The government's newly announced white paper, which lays out a plan for how to live with the coronavirus and exit the crisis, is a "big step forward", Professor Irja Lutsar said on Thursday.
Speaking during an interview on ETV's "Esimene stuudio", Lutsar, who is head of the government's scientific advisory council, said: "The white paper is like a plan with views about how to move forward. Of course, not every scenario that comes up can be written in, but a plan is better than no plan. I think it's a big step forward. What are our [the scientific council's] views? The priorities are also there."
One idea is to create regional restrictions, but they do not always work.
"The scientific council recommended regional approaches in December. The danger was that if a spa in Narva, for example, were closed, people would go to a Rakvere spa, and that's exactly what happened. But hardly anyone goes from Tallinn to Haanja [in Võru County] to school, so in some places regionalism may work again. Flexibility must be included in the White Paper," said Lutsar.
She said due to the size of the population and other unique factors, it is reasonable to establish regional indicators. "There are areas, like the islands, where you can take a slightly different approach," Lutsar said.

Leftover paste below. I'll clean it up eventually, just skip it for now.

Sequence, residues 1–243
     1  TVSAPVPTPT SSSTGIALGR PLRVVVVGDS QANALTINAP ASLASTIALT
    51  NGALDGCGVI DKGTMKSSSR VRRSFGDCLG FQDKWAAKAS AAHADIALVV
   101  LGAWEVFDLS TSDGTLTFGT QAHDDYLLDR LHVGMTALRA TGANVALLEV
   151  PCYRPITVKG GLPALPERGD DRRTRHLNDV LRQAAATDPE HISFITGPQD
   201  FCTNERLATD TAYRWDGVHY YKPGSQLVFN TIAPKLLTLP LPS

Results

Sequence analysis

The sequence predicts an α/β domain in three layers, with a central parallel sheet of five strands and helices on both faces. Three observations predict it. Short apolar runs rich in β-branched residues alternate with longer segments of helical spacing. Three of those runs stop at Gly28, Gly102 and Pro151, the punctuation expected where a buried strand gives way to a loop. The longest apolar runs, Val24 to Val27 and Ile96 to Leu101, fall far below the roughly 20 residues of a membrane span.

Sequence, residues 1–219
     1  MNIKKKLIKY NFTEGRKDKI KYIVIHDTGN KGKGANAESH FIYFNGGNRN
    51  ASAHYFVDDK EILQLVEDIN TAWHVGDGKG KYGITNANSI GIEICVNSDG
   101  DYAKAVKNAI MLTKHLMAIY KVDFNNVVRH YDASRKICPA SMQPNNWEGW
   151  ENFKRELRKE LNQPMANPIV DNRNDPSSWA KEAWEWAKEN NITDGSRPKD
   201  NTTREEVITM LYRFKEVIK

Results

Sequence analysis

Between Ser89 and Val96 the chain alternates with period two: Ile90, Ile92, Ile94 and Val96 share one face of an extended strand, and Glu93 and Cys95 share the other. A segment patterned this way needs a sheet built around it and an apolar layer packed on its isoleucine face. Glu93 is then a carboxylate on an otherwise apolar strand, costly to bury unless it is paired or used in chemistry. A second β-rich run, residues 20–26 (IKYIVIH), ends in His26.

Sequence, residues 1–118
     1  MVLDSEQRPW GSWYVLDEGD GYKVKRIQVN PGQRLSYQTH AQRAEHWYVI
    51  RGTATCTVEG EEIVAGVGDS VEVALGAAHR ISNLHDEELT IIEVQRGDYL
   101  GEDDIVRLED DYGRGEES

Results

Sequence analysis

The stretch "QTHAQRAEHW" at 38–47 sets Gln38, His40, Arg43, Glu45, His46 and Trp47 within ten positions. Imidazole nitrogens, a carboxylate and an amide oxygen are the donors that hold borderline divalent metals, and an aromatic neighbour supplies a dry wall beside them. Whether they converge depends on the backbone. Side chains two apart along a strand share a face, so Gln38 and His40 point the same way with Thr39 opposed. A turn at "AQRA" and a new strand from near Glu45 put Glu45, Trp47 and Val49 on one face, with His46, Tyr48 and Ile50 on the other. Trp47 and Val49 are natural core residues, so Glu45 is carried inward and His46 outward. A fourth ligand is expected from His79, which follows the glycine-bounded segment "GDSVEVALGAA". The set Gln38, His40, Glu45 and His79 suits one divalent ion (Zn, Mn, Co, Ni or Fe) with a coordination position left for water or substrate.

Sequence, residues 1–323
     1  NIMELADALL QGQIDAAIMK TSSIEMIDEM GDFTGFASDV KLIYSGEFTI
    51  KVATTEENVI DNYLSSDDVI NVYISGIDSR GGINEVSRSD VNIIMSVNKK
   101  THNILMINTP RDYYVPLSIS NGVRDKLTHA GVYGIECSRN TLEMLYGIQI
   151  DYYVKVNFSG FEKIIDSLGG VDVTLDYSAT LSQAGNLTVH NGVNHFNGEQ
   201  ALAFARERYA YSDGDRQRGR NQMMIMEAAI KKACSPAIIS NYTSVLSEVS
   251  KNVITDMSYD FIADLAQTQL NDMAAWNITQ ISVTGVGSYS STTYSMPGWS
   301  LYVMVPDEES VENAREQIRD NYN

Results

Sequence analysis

Vaccination of the elderly is and will be a priority
Lutsar said the experience of last weeks mass vaccinations will help the government develop better plans. The mass vaccinations were a failure in the sense that older people did not want to go to them, only younger people were keen. The leftover vaccines were used by family doctors for risk group patients this week.
"Apparently, mass vaccinations are not suitable for older people, it is suitable for younger people. /.../ The vaccines do not go bad right away - if we had vaccinated younger people, older people would not have been able to get vaccinated this week, said Lutsar.
She said older people are still the priority and reiterated the council's recommendations that younger groups can start being vaccinated when 70-75 percent of this group have been vaccinated.
Lutsar also encouraged younger people who have had their first dose of AstraZeneca to get the second. "If there were no problems with the first dose. If there was, you should talk to your family doctor," she said. Estonia suspended giving new doses of the vaccine for the under 60s on Wednesday.
She did not agree with proposals made by the Germans that people should receive a second dose of Moderna or Pfizer instead. "Theoretically, it is not a bad recommendation, but there is no data on it at all. We cannot recommend it," she said.
Concerns over South African strain
Lutsar said the South African strain of coronavirus has started to be found more often in Estonia. It is now being brought to Estonia from neighboring countries.
Lutsar said it was a little worrying. "We are watching this very carefully. And there will be other interesting mutations in addition to the South African strain," she said.
Editor: Helen Wright